Stephen W. Pacala is the Frederick D. Petrie Professor of Ecology and Evolutionary Biology at Princeton University. He directs the Carbon Mitigation Initiative, an effort to develop solutions to the greenhouse warming problem. Steve is also a founder and Chairman of the Board of Climate Central, a nonprofit media organization focusing on climate change. He chaired the National Academy of Sciences Committee on Carbon Dioxide Removal and Sequestration, which released its report in 2018. His research covers a wide variety of ecological and mathematical topics with an emphasis on interactions between greenhouse gases, climate and the biosphere. Dr. Pacala has an undergraduate degree from Dartmouth College in 1978 and a Ph. D. in biology from Stanford University in 1982. He serves on the boards of the Environmental Defense Fund and Hamilton Insurance Group. Among his many honors are the David Starr Jordan Prize and the George Mercer Award of the Ecological Society of America. Dr. Pacala is a member of the National Academy of Sciences and the American Academy of Arts and Sciences.
Colin Cunliff
Colin Cunliff is a senior policy analyst in clean energy innovation policy at the Information Technology and Innovation Foundation, a non-partisan think tank and research organization. He previously worked at the U.S. Department of Energy (DOE) on climate mitigation and energy sector resilience. At DOE, he contributed to the Quadrennial Energy Review: Transforming the Nation’s Electricity System, a national roadmap to modernize the U.S. electricity system. Prior to that, he served as the American Institute of Physics (AIP) Congressional Fellow in the office of Senator Dianne Feinstein (D-CA), where he served as a staff science adviser on energy, climate, and transportation. He holds a Ph.D. in physics from the University of California, Davis, and a bachelors of science in physics and mathematics from the University of Texas, Austin.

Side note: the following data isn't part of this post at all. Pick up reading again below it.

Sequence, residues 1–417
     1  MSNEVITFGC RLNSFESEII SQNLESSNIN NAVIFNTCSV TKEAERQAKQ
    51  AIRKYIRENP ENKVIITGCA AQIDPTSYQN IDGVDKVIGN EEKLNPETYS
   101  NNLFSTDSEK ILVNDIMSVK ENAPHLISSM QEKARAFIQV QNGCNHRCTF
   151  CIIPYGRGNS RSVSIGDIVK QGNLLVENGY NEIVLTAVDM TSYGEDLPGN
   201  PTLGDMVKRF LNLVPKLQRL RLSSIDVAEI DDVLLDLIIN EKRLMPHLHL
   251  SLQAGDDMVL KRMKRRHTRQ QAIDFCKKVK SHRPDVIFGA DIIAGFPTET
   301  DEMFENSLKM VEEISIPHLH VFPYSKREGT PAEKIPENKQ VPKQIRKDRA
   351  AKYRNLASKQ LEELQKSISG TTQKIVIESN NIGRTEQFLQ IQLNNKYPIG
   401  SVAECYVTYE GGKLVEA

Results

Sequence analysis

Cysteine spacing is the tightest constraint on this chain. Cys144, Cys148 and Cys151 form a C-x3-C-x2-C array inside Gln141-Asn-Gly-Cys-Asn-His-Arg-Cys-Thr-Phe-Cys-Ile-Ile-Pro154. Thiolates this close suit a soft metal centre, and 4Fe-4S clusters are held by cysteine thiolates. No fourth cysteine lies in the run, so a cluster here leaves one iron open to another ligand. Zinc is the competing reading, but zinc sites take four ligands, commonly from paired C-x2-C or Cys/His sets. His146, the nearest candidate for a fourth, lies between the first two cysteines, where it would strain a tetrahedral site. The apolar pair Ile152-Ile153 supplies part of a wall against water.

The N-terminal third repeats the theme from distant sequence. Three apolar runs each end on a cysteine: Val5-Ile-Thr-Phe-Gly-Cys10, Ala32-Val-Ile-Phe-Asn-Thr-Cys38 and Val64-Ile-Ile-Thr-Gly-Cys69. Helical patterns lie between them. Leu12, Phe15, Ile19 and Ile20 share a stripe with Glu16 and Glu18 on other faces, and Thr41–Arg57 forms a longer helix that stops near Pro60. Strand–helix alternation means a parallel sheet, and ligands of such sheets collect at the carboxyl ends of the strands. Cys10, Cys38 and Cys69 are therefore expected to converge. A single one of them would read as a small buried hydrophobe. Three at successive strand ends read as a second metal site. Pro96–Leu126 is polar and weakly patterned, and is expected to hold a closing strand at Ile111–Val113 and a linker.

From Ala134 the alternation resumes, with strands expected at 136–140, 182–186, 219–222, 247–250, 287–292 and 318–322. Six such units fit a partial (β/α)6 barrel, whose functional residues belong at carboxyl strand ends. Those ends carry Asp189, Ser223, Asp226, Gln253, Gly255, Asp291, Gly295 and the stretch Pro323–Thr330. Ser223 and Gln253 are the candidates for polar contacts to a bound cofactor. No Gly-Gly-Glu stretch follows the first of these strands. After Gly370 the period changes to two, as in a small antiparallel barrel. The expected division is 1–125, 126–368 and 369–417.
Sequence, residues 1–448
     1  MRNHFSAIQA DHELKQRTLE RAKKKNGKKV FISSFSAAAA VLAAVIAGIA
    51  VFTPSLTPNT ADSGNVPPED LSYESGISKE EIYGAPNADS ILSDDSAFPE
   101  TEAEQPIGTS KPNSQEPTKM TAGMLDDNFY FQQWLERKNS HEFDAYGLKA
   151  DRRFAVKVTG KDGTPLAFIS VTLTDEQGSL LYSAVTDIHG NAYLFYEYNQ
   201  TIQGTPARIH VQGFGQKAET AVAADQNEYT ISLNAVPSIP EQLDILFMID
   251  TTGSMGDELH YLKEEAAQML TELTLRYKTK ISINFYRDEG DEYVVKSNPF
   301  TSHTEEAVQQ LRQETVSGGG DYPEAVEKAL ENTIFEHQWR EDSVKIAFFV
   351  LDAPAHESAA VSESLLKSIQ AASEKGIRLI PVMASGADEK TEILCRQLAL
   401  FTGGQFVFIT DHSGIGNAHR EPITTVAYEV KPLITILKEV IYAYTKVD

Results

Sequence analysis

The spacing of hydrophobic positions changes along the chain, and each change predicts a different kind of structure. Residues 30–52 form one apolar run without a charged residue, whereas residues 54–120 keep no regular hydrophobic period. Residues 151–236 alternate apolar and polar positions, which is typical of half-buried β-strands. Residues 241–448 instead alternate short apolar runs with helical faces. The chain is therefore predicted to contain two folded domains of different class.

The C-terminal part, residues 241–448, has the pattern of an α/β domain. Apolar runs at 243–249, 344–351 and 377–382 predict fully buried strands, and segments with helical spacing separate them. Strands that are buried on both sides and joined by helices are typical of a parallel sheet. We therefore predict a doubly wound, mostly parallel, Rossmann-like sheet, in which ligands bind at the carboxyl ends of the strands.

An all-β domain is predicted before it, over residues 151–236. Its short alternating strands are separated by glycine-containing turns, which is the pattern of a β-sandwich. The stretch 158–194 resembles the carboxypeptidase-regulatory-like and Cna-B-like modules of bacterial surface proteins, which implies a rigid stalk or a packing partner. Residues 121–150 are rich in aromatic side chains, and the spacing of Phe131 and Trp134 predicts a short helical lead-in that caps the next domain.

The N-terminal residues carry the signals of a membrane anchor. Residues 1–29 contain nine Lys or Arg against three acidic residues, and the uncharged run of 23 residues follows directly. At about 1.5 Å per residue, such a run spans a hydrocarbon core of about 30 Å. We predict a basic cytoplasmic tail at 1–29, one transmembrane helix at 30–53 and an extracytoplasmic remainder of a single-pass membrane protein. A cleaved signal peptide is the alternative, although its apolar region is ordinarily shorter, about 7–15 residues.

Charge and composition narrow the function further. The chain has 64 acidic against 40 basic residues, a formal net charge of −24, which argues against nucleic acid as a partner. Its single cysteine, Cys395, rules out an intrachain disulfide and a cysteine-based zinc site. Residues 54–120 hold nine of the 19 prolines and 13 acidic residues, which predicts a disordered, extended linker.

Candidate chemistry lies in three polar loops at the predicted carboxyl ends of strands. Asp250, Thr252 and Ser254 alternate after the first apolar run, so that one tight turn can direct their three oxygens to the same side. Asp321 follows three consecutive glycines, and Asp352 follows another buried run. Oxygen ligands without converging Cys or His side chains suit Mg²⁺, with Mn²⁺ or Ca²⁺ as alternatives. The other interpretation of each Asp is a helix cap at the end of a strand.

Danielle Deane-Ryan
Danielle Deane-Ryan is an independent consultant, climate and clean energy equity expert, and diversity champion who has devoted the past two decades to forging equitable solutions to climate change. Most recently Danielle served as director of the Inclusive Clean Economy Program at The Nathan Cummings Foundation where she stewarded over 20% of the annual grantmaking and co-authored the recent Solar with Justice report in collaboration with the Clean Energy States Alliance. Danielle served in the Obama Administration as Senior Advisor for External Affairs and Acting Director for Stakeholder Engagement at the US Department of Energy’s Office of Energy Efficiency & Renewable Energy. Prior, she held roles at The Raben Group, serving as Green 2.0’s founding executive director; the Hewlett Foundation, where she ran the New Constituencies for the Environment Program; and served on the National Academies of Sciences Gulf Research Program’s Advisory Board. Danielle has an M.Sc. from the London School of Economics in environment and development, and a B.A. from Williams College in political economy with an environmental studies concentration. She was awarded a 2019 Bicentennial Medal by Williams College for her work to advance environmental justice. She is originally from Trinidad & Tobago.
Julia H. Haggerty
Julia Haggerty is Associate Professor of Geography in the Department of Earth Sciences at Montana State University, where she holds a joint appointment in the Montana Institute on Ecosystems. She received her BA from Colorado College in Liberal Arts and her PhD from the University of Colorado in History. An award-winning teacher, Haggerty teaches courses in human, economic and energy resource geography at MSU. She also leads the Resources & Communities Research Group in studying the ways rural communities respond to shifting economic and policy trajectories, especially as they involve natural resources. Haggerty has expertise in diverse rural geographies including those shaped by energy development, extractive industries, ranching and agriculture, and amenity development and conservation. Partnerships and collaboration with diverse stakeholders are central to her approach. Prior to joining MSU, Haggerty was a post-doctoral fellow at the University of Otago in New Zealand (2005-2007) and a Policy Analyst with Headwaters Economics in Bozeman, Montana (2008-2013). Haggerty speaks frequently to public audiences about her research and has served on a number of boards and advisory committees from local to international scales.